|Developer(s)||The Nemiver Team|
|Initial release||November 10, 2006|
0.9.6 / September 23, 2015
|License||GNU General Public License|
Nemiver is computer software, a graphical standalone debugger for the programming languages C and C++, which integrates in the GNOME desktop environment. It currently features a backend which uses the well known GNU Debugger (GDB). The creator and the current lead developer is Dodji Seketeli.
Users can start debugging source code with Nemiver either directly from the command line by typing
nemiver <your-program> <prog-arg1> <prog-arg2> ... <prog-argN>
or by launching Nemiver first and then using its graphical dialogs to launch the program to debug.
Once the program is launched, Nemiver automatically sets a breakpoint in its main function. Once the program has stopped at the main function, users are free to set breakpoints, inspect variables, investigate the behavior of functions within the code, resume the execution of the program etc.
Nemiver stores some basic information about a debugging session on disk, so that the session can be resumed later. Whenever debugging is started, a new session is created automatically, unless it is explicitly requested to resume an extant session. On exit, the session is automatically saved. Information saved with a session includes breakpoints, program arguments, working directory path, environment variables, etc. Also, the current session can be saved to disk on demand.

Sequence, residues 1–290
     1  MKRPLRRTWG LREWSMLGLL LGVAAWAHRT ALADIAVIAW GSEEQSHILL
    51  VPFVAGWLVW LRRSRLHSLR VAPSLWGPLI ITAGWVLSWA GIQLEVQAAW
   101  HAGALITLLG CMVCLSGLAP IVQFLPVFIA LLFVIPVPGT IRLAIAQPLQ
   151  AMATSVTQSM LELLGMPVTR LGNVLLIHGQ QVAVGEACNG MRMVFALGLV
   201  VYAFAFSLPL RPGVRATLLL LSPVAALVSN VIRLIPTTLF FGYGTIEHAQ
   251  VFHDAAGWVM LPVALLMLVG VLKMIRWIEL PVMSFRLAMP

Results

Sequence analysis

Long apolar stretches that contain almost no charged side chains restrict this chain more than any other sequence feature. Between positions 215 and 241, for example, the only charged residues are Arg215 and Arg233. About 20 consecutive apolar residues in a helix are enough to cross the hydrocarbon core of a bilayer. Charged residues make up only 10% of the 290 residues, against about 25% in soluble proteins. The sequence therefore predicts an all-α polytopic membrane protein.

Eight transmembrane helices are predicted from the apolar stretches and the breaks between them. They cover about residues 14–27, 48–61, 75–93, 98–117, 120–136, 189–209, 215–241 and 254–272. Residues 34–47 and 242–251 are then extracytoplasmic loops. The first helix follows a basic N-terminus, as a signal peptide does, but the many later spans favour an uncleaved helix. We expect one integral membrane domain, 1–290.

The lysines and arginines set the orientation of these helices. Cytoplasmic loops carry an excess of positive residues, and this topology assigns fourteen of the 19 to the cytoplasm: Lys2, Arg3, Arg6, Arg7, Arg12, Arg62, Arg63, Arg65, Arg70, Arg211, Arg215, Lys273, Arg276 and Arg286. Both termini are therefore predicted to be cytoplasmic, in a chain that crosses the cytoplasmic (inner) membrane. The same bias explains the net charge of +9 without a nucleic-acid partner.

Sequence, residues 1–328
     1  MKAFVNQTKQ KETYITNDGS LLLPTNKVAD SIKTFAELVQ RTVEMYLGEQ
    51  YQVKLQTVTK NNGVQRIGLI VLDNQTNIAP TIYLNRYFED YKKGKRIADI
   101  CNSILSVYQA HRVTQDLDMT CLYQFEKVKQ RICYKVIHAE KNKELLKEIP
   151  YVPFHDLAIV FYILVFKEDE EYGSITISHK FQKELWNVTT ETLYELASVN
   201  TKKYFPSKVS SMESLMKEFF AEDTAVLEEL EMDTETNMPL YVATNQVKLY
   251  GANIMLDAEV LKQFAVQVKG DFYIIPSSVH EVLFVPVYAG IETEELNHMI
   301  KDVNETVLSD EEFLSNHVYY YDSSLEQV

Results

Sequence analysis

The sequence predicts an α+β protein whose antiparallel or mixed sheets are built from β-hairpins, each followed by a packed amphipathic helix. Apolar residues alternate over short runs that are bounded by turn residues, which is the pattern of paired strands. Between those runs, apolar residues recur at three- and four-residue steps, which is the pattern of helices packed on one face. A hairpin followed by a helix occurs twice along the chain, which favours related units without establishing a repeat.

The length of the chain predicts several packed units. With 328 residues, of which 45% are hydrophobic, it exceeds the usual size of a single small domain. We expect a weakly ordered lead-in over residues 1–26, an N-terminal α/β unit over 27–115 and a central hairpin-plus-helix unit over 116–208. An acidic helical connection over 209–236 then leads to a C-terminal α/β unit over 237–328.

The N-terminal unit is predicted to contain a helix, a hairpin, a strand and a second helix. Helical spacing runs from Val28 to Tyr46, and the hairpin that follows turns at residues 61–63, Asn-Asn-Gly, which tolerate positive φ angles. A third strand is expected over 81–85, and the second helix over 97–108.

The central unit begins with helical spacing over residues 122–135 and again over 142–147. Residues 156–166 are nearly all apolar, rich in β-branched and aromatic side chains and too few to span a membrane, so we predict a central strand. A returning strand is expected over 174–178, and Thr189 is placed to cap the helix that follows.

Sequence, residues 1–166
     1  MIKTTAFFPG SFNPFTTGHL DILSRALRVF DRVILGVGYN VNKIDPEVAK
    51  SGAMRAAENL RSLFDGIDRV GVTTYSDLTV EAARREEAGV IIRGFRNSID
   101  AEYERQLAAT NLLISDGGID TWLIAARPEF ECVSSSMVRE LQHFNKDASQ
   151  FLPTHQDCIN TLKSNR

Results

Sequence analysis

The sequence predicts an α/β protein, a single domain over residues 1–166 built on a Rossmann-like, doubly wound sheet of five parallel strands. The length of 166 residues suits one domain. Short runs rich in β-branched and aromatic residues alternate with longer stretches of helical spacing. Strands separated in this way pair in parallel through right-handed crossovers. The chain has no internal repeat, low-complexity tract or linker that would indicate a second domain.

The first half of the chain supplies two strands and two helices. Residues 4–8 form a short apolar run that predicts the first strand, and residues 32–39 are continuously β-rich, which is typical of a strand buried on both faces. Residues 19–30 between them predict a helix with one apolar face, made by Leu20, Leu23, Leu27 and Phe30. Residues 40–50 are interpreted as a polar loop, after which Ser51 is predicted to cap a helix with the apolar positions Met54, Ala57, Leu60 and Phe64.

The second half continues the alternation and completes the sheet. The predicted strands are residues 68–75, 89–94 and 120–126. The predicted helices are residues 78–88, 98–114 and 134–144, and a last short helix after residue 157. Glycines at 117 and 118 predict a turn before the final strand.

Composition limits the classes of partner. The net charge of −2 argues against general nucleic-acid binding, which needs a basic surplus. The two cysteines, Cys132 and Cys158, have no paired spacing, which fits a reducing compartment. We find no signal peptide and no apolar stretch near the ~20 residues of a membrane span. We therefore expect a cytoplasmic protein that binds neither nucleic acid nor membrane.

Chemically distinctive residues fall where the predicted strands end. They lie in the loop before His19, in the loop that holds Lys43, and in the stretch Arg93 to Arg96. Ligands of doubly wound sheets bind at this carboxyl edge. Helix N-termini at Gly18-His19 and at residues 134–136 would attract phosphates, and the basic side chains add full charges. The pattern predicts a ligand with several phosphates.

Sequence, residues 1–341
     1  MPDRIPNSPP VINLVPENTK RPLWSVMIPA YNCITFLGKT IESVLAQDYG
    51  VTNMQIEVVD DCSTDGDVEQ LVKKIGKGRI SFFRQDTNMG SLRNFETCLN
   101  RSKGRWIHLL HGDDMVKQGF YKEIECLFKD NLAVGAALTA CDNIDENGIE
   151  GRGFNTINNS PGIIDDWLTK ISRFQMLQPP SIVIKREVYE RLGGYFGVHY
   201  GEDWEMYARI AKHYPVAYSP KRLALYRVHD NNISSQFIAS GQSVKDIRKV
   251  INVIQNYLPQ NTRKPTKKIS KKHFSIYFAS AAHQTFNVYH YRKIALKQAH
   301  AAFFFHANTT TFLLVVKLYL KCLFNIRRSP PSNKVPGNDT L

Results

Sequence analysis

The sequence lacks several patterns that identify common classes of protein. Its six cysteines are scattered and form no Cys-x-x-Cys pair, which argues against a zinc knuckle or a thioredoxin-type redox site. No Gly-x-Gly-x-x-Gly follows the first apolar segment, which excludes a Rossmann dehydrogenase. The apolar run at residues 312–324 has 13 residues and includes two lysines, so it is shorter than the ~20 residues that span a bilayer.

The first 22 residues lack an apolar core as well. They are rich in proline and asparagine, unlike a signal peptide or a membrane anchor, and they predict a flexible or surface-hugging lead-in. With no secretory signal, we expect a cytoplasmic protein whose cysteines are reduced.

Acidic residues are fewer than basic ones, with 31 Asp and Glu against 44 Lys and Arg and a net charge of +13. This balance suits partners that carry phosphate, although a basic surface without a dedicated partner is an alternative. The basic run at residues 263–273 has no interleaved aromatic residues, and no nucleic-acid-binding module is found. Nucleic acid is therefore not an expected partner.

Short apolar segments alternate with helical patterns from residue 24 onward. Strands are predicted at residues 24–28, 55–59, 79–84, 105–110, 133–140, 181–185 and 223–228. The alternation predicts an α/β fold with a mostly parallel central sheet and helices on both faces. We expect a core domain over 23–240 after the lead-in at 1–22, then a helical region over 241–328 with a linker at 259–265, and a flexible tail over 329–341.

Nemiver is a more than a graphical user interface (GUI) debugger for computer code. It is a platform which can be extended with plugins.
The libnemivercommon library provides the basic functions to load dynamic modules and enable a plug-in architecture, and allowing new functionality for the Nemiver workbench. Currently, only the debugging functionality is provided, but others could be added, for example profiling tools such as OProfile, or Valgrind-Massif.
Nemiver also provides an event-based debugger library (which currently features a GDB back-end, but others could be added in the future) that could be re-used by other projects seeking to implement a debugger as a part of an integrated development environment (IDE), for example.
Nemiver is written in C++, and relies on many components of the GNOME platform, such as Gtkmm.